Directed by Hendel Butoy, Mike Gabriel

With the voices of Bob Newhart, Eva Gabor, George C. Scott, John Candy, Tristan Rogers, Adam Ryen
Style: Hand-drawn, Computer
Reviewed by JB

"Y-y--you're... wwhaaaat?"     The first theatrical sequel in Disney animation history (if we ignore the package films SALUDOS AMIGOS and THE THREE CABALLEROS), THE RESCUERS DOWN UNDER was, in retrospect, a mistimed misstep.  Although it did decent box office (about 25 million dollars - much less than either previous two films), a sequel to a film that was already thirteen years in the past was obviously not what most people wanted to see from Disney after the jumping and jiving OLIVER & COMPANY and the instant classic THE LITTLE MERMAID.  Although they all used computers in one way or the other, THE GREAT MOUSE DETECTIVE, OLIVER and MERMAID were three prime examples of how attractive, beautiful and diverse hand drawn animation could be.  THE RESCUERS DOWN UNDER was the first Disney film almost completely dependent on computers for its look, and some of it is mighty impressive, but it is not backed up with a compelling story or interesting characters.  THE RESCUERS DOWN UNDER deserves its reputation as the forgotten film of the LITTLE MERMAID - LION KING era.

    Although Bob Newhart and Eva Gabor are still perfect as the voices of the two lead mice, Bernard and Miss Bianca are not nearly on screen as much as they should be.  Too much time is devoted to the young boy Cody trying to escape from the mean old poacher who kidnapped him, or to painfully unfunny business featuring an albatross and a sadistic mouse doctor treating his back.  John Candy is highly amusing as the albatross, who is the best character in the film, but all of the back operation scenes should have been left on the cutting room floor.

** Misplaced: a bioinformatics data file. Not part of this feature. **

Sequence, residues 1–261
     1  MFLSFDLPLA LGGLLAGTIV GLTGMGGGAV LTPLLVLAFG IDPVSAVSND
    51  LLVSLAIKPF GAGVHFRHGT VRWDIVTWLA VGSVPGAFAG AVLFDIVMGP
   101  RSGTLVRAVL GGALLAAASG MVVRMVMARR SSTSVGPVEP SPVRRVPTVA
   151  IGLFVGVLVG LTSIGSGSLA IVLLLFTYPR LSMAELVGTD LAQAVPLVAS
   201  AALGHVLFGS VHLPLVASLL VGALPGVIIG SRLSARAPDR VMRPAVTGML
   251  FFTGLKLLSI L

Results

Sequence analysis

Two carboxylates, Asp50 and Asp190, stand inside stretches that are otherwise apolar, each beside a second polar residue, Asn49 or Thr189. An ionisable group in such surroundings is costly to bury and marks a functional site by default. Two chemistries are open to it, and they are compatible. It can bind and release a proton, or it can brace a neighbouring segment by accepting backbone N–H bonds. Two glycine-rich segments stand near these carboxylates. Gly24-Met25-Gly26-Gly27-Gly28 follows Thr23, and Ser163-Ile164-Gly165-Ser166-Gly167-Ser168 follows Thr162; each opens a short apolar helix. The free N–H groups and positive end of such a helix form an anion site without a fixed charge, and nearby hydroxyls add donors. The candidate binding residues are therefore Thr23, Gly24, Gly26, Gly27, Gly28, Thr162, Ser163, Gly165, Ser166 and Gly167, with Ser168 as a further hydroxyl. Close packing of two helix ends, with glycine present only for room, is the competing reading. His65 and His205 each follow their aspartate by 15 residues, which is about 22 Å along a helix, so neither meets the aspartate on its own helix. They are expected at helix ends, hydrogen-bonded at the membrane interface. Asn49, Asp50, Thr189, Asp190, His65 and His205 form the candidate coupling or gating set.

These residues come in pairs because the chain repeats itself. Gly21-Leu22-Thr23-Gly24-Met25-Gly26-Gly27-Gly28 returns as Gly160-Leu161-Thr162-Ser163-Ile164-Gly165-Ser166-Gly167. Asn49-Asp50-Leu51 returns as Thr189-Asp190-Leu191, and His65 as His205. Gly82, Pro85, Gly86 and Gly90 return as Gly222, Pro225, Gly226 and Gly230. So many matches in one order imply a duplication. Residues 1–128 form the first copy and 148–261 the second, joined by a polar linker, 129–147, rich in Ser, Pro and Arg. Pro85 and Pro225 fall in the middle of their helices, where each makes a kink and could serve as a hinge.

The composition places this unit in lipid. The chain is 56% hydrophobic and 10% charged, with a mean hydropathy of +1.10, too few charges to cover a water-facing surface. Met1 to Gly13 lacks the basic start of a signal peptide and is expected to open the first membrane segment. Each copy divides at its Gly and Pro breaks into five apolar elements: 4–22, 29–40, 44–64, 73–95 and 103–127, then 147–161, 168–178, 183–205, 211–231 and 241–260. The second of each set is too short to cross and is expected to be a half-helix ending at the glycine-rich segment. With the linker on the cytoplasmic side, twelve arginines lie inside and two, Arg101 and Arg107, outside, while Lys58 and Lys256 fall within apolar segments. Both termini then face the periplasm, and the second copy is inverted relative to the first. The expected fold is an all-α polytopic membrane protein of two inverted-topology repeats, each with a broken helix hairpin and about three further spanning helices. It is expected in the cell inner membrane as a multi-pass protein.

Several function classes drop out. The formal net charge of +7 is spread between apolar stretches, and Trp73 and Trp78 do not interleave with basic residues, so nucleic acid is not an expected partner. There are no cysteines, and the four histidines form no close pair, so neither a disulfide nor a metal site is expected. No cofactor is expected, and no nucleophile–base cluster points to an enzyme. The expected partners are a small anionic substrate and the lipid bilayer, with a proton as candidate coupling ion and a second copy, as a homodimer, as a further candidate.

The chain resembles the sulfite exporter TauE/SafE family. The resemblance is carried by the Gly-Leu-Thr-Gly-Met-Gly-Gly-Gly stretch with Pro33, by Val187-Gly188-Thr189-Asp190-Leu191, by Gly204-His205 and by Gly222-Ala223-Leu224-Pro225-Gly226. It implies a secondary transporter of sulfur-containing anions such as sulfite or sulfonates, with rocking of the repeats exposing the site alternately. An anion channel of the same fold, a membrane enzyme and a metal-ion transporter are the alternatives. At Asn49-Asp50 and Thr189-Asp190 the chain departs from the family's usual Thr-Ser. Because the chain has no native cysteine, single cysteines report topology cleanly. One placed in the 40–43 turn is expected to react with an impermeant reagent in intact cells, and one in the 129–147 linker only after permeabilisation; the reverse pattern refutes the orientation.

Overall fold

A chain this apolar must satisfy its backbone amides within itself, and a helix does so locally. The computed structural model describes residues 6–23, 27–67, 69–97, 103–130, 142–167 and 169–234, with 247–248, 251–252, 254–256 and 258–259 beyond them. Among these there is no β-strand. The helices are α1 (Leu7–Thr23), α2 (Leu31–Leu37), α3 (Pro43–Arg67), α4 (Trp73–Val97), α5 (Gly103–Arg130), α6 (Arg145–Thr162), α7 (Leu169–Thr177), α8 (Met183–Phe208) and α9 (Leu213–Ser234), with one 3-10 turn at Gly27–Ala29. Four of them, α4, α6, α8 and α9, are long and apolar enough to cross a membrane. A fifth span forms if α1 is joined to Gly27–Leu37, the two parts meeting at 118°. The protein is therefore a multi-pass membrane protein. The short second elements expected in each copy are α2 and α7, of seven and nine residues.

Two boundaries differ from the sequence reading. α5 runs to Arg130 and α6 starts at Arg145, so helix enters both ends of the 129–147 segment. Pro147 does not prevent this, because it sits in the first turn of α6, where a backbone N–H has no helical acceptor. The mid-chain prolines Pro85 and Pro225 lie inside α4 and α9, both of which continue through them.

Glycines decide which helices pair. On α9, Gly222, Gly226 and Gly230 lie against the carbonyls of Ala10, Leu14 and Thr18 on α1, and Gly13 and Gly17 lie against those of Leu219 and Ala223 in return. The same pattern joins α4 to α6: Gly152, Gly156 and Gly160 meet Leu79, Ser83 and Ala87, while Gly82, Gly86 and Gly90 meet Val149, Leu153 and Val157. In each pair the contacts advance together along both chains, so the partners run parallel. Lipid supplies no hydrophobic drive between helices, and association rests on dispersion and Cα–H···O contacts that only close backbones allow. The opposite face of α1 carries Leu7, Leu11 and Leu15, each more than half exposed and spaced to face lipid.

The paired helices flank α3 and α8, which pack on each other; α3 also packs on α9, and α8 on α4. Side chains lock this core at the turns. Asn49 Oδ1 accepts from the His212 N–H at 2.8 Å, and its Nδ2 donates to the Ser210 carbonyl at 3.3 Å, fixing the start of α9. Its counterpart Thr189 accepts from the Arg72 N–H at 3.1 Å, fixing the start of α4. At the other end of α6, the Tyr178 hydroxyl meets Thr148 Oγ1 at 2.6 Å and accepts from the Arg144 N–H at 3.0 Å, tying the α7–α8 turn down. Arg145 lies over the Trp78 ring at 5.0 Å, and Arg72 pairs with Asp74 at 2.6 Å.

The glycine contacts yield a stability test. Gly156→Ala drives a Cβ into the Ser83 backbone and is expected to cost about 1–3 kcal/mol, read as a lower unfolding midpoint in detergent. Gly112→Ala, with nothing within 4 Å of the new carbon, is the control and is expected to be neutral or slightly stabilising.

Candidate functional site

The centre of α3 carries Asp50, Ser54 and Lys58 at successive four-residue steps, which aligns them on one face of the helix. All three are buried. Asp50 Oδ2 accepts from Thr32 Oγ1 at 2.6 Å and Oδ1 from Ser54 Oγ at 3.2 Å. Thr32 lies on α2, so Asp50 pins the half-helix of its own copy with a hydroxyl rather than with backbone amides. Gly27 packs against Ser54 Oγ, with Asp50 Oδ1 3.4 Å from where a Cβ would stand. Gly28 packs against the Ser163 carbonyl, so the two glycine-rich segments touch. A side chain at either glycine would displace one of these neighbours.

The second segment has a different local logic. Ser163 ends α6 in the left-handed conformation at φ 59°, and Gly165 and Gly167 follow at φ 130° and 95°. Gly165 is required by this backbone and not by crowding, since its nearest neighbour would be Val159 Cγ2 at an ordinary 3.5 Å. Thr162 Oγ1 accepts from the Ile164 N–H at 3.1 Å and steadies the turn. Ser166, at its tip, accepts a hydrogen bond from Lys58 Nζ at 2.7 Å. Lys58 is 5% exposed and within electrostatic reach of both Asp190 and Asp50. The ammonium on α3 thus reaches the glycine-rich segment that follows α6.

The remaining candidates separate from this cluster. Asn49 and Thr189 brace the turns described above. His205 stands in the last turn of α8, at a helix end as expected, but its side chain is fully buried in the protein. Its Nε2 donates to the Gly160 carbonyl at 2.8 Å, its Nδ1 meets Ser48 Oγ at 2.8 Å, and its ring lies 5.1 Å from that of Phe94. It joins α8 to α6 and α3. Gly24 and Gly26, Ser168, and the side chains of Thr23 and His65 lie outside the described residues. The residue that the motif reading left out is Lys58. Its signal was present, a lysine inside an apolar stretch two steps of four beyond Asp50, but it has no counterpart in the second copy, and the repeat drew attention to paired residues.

Although after OLIVER and MERMAID, audiences were probably expecting another charming musical in THE RESCUERS DOWN UNDER, I won't fault the film for its lack of production numbers.  The original RESCUERS had very little music either, but it had a great adventure and mystery story.  THE RESCUERS DOWN UNDER ditches the mystery aspect, as the opening scenes show us exactly who kidnapped the boy and why.  George C. Scott, playing the villain, is one of the few Disney voice actors who actually completely overpowers his animated character.  The fun in McLeach the poacher is not in how he moves or looks, but in listening to Scott's gravely growl as he chews up his dialogue and spits it out in a million different ways. In a strange way, McLeach is not a great Disney villain, but Scott is.  Along with Candy, Scott helps to infuse parts of the film with an energy and sense of fun not found elsewhere.  

     In the final five minutes of the film, as the villain is getting his proper comeuppance, there are a few bits of pure character animation - simple things like a hand wave or a finger push - that made me laugh out loud at their subtlety. These moments are exactly what the rest of the film needs.  

     THE RESCUERS DOWN UNDER is still passable entertainment, but the Disney people could do much better, as they were about to prove with BEAUTY AND THE BEAST and the films that followed. 2½ - JB

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